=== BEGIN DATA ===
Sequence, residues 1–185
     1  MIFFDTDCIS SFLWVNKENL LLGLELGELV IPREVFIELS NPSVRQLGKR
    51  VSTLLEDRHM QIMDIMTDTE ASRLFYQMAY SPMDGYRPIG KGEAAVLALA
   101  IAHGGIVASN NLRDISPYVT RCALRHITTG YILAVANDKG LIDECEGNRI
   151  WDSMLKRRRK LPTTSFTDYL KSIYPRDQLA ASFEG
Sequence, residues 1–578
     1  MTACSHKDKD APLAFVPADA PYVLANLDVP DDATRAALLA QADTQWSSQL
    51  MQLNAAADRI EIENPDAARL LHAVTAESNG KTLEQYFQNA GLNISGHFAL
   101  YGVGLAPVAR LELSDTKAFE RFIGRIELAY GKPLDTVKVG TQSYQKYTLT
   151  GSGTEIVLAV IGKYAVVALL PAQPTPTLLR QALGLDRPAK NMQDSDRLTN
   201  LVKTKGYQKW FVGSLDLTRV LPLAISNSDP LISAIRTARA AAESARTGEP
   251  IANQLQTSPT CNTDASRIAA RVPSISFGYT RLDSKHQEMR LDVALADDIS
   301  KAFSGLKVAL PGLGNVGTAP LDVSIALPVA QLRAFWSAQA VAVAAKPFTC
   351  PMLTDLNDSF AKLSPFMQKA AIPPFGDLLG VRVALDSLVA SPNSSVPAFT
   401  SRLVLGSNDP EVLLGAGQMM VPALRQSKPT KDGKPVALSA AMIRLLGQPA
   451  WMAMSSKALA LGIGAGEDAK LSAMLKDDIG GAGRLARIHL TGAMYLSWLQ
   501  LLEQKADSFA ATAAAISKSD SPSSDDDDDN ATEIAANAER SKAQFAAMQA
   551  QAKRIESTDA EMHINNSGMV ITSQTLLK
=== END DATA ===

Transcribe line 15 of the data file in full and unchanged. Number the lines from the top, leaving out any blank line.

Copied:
   401  SRLVLGSNDP EVLLGAGQMM VPALRQSKPT KDGKPVALSA AMIRLLGQPA